WITH A TEAM OF 4 in our group it was awhile before it was my turn to commence my 24 hour campaign. Conscience of my deteriorated level of fitness and knee issues, my goal was to finish the race without incurring further injuries. Under the glaring eyes of the crowd at the transition zone, I proceeded to clear the very first steep hill climb after start / finish line, when I really should have walked up it. So out the window it went my conservative race approach, all within 50m of starting my race. As usual, the long non-technical climbs irritated me whereas descends and technical terrains kept me happy. If only the whole race was to be like that. A bit of overconfidence in a loose corner sent me crashing off the bike but beyond that little spill, my progress was linear and unexcitingly steady.

THE SECOND LAP after a round of rider rotation meant that by the time I headed out again, I would be tackling the night loop just before the sun set. There’s nothing like riding in a sunset in Australian outback. Wildlife stirs while air cooled. It was pure magic riding conditions. The lights I was carrying wasn’t necessary as there was still enough daylight to see where I was going, and this gave me a huge advantage over others who will have to track the same course in the darkness. Poor Kath, a total novice to night racing, had the unfortunate draw of tackling her first ever night lap unseen in total darkness and to no surprise she didn’t like it. By then Caleb also did his back in and had called an end to his race campaign, so after a quick conference Brenton and I would take turns to soldier on and see how far we could push.

DE JAVU. That’s all I can say about my body. Not long after I headed out again, my legs started to do the usual trick of cramping up just when I thought things were going rosy. This was becoming an annoyingly regular occurrence on all my long distance rides and I’m at lost how I can overcome this. Sure enough my knee soon followed suit, each heavy pedal stroke was greeted by a pain that’s just too complicated to write here. The ride back to pit soon turned into a fine balance between pushing in the dark and not packing my knee in. When I finally completed my lap, I was 20 min overdue. Upon my return to the pits, broken Matt (he destroyed his ankle a month earlier so no riding for 6 month) was there in our pit, drowning his sorrows over a beer with Sandy who also missed entering this event through indecisions, Both harbouring some regret for not being able to participate in this event while I ditched my bike and gone searching for some ice.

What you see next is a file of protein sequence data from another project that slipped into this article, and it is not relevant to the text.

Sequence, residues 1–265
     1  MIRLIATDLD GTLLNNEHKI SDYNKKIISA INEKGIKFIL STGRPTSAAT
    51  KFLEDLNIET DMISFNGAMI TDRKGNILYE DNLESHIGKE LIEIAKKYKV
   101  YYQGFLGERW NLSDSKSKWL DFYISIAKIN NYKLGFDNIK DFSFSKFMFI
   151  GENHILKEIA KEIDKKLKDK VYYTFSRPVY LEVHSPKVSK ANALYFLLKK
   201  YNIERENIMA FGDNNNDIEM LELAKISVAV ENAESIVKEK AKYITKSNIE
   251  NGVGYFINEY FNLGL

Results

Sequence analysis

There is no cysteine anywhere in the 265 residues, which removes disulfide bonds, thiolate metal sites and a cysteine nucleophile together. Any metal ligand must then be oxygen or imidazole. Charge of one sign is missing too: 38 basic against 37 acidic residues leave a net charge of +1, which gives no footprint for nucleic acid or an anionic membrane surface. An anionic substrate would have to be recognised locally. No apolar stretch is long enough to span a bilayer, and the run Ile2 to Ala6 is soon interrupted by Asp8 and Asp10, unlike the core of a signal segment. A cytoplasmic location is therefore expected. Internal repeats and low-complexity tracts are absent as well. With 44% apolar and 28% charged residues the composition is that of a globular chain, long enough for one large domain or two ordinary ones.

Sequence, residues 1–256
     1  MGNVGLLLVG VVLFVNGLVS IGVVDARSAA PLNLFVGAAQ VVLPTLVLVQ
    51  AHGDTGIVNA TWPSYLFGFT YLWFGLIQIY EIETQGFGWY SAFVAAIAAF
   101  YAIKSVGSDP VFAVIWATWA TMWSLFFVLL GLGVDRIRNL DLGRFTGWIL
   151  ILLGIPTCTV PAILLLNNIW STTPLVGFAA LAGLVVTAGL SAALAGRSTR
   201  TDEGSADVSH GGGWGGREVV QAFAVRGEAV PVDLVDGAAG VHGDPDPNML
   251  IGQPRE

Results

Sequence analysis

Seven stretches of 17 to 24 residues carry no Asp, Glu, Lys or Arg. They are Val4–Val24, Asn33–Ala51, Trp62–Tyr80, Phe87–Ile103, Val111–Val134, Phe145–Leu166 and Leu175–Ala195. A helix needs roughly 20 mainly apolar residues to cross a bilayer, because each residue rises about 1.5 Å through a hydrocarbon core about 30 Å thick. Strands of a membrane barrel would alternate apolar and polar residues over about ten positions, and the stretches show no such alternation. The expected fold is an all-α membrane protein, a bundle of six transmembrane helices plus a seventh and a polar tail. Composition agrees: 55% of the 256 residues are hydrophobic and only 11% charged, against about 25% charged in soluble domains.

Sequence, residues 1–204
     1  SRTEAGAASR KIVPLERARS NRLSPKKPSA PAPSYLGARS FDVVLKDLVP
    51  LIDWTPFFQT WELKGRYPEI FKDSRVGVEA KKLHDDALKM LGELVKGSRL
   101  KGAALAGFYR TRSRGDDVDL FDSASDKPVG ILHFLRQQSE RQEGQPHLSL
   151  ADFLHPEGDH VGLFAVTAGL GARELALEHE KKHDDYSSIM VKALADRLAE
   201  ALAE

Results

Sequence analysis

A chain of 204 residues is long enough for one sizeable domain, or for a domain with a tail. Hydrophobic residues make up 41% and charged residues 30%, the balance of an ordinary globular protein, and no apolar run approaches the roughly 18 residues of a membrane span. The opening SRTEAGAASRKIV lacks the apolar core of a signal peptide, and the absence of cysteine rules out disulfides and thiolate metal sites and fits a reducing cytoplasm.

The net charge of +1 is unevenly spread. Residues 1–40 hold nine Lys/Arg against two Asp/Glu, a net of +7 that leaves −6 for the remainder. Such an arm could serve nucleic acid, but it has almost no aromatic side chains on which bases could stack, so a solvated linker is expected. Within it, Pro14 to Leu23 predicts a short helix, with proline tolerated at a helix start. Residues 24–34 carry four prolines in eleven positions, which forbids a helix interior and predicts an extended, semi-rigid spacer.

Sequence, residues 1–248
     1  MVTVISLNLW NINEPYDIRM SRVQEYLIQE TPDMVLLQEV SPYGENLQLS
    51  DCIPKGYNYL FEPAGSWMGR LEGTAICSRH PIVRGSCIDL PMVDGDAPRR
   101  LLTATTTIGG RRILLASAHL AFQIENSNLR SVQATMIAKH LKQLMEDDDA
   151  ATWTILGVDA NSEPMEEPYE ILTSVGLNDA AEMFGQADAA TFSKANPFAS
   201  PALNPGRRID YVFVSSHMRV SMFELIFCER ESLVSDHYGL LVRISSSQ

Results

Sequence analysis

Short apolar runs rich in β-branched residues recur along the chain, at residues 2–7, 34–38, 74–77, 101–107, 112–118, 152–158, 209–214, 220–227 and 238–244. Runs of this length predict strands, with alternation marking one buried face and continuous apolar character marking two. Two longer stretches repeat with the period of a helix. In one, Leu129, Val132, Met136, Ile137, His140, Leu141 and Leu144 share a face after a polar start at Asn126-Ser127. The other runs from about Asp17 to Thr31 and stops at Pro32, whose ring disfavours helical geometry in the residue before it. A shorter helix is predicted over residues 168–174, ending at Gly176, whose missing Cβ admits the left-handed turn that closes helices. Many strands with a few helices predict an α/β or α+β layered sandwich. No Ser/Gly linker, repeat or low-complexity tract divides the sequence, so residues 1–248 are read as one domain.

While I sat in pit nursing a knee feeling like a grapefruit and listening to Matt and Sandy discuss life’s trials and tribulations, Paul soldiered on unwaveringly by our pit. Paul’s event has been a quiet but determined progression, never buckled under pressure on his way to a strong solo finish. When Brenton returned from his lap, we all agreed we to take time out and get some sleep in preparation for a big push next morning.

GOOD AFTERNOON, Good Evening, Good Night and Good Morning- all of which probably mean the same to a lot of us over the last 24 hours. The sleep didn’t seem to reduce my swollen knee but the daylight did brighten all our spirit. Kath then Brenton went out first only to return complaining the new lap format being more difficult than it needed to be. But I was determined to give the 3rd circuit a go, despite going against sound advice from Caleb that I should sit out. You only live once and I was happy with my decision to head out as I got to ride the fabled Mariners Run, a technical track best described as being similar to the “Karate Monkey” track in Whistler, albeit without the steep gradient. The technical bits were immensely enjoyable despite the hill climbs doing my knee in again. A big wild slide while burning through a berm kept me awake for rest of my lap for otherwise a steady progress to the end. As I completed my lap I noticed no one but Kath was present. No doubt that everyone’s had enough of riding and gone somewhere for a cold beer. Content with finishing my stint and ready feet up, I had not noticed that Kath headed out for another lap so she can beat her XC racing nemesis Megan Lawson. For Meagan to be ahead of Kath in a race it was like waving a red rag to a raging bull – no way was she going to take this sitting down. An hour and twenty minutes later, Kath sprinted past the finish line and returned grinning like she’s just won lottery.

THE AFTERMATH OF AN 24 HOUR SLOG usually results in a field littering with walking wounded, but this year the carnage level seems to be down thanks to a less demanding track and milder weather. Our cause was made a lot easier by two particular individual’s endeavour, from organising entry to this event to picking up after others., credit must go to where it is due and we all have a lot to thank Andrew and Stephen for. Everyone took away something unique from this event, and for those who got something positive out of it, they’ll no doubt return to this place another day.


Highwheeler Bike said...

Andrew great work on this! I think I have a'96 GT LTS2. The rear suspension needs rebuilt. Where do I get the plastic parts (at least they look like plastic) I hope you have an answer. I love riding this bike.

Andrew Liu said...

Hi Highwheeler, thanks for your positive feedback.

Try this place for high quality spares:

Good luck - Andrew